The signs He mentioned did follow those who believed in Him, being manifested now through this individual, now through that. But the gift of healing was not granted to the individuals who received it merely for the sake of restoring health. It was given as one way to prove the divine mission of the Church. Thus St. Paul says of the gift of tongues (and the same applies to other extraordinary gifts) that it was "for a sign, not to believers, but to unbelievers." (1 Cor., 14:22.) It is going far beyond anything contained in the Bible to suggest that such signs were meant to follow all believers through all the ages, so that they should be a permanent feature in the lives of all who profess the Christian religion. Moreover, once more, the facts of history exclude such an interpretation.
47. St. James, 5:15,. says, "The prayer of faith will heal the sick man."
Those words occur in the midst of a passage describing the Sacrament of Extreme Unction or Last Anointing [now often called the Sacrament of the Sick]. Immediately prior to them, St. James declares that the priests of the Church should anoint the sick with oil in the name of the Lord. And he adds that, if the sick man be in sin, his sins will be forgiven him. There is no reference to an infallible and ever-ready panacea for all temporal ills. The idea of holding out the recovery of bodily health as a kind of bribe to attract recruits is utterly foreign to the religion of Christ who said, "If anyone will come after me, let him deny himself, take up his cross, and follow me." (Matt., 16:24.) Christian Science, with its impression that Christ came to the world primarily to heal the sick, labours under a complete misconception of the nature of His life-work on behalf of humanity. Jesus came to teach us to avoid sin and all moral evil and to practise virtue in the midst of the trials of this life. And he died on the Cross to expiate our sins, and to make a heavenly and eternal destiny possible to us as a result of our efforts to serve Him.
48. Authenticated cures of organic troubles have been performed with the aid of Christian Science teachings.
Authenticated by whom? Christian Science has not produced a single satisfactory case of a cure of organic disease, where the organic derangement has been established beforehand by competent diagnosis, and the fact of the cure similarly established. What truly scientific evidence for the mental healing of organic diseases sufficient to convince medical experts has Christian Science produced? Another thing to remember is this. According to the teachings of Mrs. Eddy, there is no such thing as an organic disease. Christian Science cannot claim to have cured what it declares never to have existed. To say that man's body is unreal, and that he is "incapable of sin, sickness, and death," is to admit that the cure is as unreal as the imagined disease. Christian Science cannot claim, on its own principles, to have cured any organic troubles. At most it can claim to have enabled a man not to think himself subject to afflictions he had wrongly imagined to be his lot.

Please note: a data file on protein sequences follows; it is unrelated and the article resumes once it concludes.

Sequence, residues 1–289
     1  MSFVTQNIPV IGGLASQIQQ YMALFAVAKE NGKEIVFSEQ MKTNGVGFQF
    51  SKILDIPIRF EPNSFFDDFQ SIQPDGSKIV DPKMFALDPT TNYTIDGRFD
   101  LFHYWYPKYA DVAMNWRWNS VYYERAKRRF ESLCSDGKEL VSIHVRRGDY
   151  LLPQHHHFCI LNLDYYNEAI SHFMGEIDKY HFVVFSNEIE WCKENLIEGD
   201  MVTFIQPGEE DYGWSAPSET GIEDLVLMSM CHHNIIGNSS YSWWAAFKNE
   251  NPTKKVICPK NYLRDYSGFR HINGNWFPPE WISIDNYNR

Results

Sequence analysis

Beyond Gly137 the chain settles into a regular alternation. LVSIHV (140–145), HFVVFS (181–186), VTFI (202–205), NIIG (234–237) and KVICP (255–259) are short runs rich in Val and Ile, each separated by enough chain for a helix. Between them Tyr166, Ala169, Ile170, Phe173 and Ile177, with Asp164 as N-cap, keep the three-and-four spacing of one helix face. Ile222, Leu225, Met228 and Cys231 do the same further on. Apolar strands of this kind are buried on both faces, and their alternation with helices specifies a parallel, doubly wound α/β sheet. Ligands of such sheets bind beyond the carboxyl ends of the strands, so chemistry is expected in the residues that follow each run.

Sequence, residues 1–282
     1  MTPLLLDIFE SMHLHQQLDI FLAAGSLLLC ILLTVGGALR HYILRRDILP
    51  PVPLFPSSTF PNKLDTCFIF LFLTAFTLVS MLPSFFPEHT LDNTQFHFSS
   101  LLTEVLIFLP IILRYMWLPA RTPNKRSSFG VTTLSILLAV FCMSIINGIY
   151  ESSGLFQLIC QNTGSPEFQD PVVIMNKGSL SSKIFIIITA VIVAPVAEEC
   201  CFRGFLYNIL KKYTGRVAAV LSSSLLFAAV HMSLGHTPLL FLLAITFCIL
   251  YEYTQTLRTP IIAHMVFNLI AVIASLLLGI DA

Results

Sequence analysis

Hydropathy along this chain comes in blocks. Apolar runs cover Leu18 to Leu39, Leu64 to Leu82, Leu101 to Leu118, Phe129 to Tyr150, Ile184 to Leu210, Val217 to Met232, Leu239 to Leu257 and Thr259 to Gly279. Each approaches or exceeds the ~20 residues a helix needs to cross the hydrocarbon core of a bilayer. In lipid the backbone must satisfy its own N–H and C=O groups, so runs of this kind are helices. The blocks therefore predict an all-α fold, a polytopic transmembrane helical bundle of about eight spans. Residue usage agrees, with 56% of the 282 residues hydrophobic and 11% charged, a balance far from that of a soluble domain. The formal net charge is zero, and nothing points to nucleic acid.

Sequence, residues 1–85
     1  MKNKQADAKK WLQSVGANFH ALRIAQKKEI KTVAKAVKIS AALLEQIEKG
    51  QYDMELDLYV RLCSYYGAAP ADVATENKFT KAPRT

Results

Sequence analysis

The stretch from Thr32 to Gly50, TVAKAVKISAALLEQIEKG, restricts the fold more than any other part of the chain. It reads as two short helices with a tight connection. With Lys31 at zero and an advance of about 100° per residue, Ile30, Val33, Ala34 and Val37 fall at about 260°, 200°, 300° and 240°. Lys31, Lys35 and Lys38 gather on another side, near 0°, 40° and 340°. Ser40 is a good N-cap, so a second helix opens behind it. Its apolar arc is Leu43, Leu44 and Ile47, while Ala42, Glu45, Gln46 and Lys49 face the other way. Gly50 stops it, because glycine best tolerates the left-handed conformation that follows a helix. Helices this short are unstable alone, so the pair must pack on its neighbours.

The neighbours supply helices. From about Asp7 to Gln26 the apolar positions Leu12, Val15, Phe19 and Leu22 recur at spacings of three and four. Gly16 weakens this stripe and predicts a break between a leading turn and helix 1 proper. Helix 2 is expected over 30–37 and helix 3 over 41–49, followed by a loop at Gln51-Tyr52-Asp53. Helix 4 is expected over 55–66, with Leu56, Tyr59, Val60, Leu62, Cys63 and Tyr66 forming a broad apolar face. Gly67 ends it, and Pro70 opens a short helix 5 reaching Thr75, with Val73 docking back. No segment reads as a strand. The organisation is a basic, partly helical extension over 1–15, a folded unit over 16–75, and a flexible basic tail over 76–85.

49. You, of course, refuse to believe this possible.
I do not say that there are no illnesses which can be cured by mental-healing. I do say that the mental-healing employed need not be associated with Christian Science. Practitioners of mental healing, who have never subscribed to Mrs. Eddy's religious theories, have secured equally good results. We all admit the great influence of the mind over the body. Mental anxiety, worry, and depression, can cause a breakdown of physical health and result in many nervous disorders. In such cases restoration of mental peace results in improved bodily health. But by no thought processes on the part of the patient will a broken leg suddenly cease to be broken, or a cancerous growth disappear overnight. Nor can Christian Science show one properly authenticated case of this nature.
50. Your idea that Christian Science cures are based upon the influence of mind over matter show a complete ignorance of Christian Science principles.
I do not think so. Mrs. Eddy writes, "You say a boil is painful; but that is impossible, for matter without mind is not painful. The boil simply manifests, through inflammation and swelling, a belief in pain, and this belief is called a boil. Now administer mentally to your patient a high attenuation of truth, and it will soon cure the boil." (Science and Health, p. 153.) In that passage she obviously appeals to the influence of mind over matter. A Christian Scientist might say that the administering of truth was bringing the influence of the Divine Mind upon mortal mind; and that the cure was due, granted its occurrence, to the Divine Mind persuading the human mind that the boil did not exist. But no sensible person could accept that, any more than all the other contradictory statements in which Mrs. Eddy asserts that man has "no separate mind from God"; then that "the human mind is opposed to God"; then that "the human mind is a myth."
51. It is strange that a Catholic should doubt the cures claimed by Christian Science, for so many similar cures have been effected at Lourdes.